There Goes Gravity

As a music obsessed teen-ager growing up in the 70s (also known as the golden age of rock and roll), Lisa Robinson was my idol.

Writing for Creem (I used to read it under my school desk). Hanging out with John Lennon, Jimmy Page, David Bowie and Patti Smith. Lending Mick Jagger a pair of her panties when his pants were too sheer. Freddie Mercury onstage wearing her perfume, Jungle Gardenia. CBGB’s with Blondie and the Ramones.

Now I can experience her rock n’ roll life through her memoir There Goes Gravity: A Life in Rock and Roll.

Raised on the Upper West Side, Robinson was 12 when she began sneaking off to jazz clubs. Her career as a rock journalist started in 1969.   40 years later, she’s still around to tell the tale. And what a tale it is.   Countless stories for Vanity Fair, New Music Express and The New York Post have been turned into a a 347-page book packed with epic, twilight of the gods rock tales.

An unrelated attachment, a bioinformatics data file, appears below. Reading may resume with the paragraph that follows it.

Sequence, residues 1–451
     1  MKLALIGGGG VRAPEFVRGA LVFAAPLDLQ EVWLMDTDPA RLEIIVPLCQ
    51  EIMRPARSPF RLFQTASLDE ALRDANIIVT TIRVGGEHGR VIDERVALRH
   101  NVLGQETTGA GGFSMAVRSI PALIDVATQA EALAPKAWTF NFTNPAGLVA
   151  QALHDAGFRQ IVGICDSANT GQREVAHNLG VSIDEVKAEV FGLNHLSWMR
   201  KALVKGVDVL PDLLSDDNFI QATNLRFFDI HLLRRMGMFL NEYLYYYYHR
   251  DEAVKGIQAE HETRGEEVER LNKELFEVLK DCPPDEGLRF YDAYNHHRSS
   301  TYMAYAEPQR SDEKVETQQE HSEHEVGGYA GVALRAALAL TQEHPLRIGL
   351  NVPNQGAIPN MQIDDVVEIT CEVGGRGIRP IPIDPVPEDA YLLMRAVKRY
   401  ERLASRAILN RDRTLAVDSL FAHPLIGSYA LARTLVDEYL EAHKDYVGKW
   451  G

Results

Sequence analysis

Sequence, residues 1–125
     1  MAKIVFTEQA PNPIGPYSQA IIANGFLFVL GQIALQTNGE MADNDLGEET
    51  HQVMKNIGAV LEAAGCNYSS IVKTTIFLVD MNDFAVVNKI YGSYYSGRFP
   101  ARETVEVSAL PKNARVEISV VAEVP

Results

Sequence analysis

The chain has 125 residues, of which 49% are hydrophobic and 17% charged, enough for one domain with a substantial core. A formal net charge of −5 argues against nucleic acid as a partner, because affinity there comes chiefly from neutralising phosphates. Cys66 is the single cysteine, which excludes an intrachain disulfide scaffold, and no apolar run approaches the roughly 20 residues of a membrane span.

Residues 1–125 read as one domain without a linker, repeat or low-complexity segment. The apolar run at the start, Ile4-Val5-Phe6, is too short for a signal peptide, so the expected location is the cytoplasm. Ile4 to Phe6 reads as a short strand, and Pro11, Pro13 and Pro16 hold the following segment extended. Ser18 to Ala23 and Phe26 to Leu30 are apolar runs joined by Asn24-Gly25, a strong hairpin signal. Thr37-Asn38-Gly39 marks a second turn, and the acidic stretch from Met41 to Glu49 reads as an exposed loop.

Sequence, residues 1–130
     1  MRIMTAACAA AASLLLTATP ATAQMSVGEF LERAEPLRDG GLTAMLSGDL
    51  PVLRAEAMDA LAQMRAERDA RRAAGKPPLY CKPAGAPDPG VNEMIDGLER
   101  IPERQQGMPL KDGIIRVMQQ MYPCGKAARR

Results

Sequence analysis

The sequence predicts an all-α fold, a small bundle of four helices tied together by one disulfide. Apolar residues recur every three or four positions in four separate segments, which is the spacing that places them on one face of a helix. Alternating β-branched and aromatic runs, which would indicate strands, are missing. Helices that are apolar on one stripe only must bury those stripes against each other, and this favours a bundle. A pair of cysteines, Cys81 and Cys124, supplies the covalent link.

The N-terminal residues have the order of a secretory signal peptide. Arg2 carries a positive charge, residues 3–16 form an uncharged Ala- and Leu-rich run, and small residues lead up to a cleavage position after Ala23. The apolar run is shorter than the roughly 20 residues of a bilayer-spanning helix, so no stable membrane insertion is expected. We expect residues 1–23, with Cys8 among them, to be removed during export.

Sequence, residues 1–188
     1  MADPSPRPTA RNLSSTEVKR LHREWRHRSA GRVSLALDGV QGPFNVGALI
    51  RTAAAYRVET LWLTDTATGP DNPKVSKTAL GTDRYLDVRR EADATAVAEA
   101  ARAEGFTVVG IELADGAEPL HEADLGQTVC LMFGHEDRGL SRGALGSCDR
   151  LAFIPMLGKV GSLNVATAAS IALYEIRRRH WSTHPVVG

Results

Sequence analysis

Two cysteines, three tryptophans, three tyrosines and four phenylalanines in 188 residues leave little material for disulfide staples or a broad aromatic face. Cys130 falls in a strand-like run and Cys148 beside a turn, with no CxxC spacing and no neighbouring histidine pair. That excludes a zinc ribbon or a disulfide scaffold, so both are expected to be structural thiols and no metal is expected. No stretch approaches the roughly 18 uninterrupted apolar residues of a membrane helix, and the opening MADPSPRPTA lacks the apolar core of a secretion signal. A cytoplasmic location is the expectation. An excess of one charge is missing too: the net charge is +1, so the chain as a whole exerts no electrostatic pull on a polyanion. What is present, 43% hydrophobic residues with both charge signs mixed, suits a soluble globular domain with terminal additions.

As a syndicated columnist for The New York Post, Robinson (she still writes about music for Vanity Fair) played as much a part in making music history as she did in reporting it.

Take a trip down memory lane and read this Vanity Fair excerpt from her memoir here.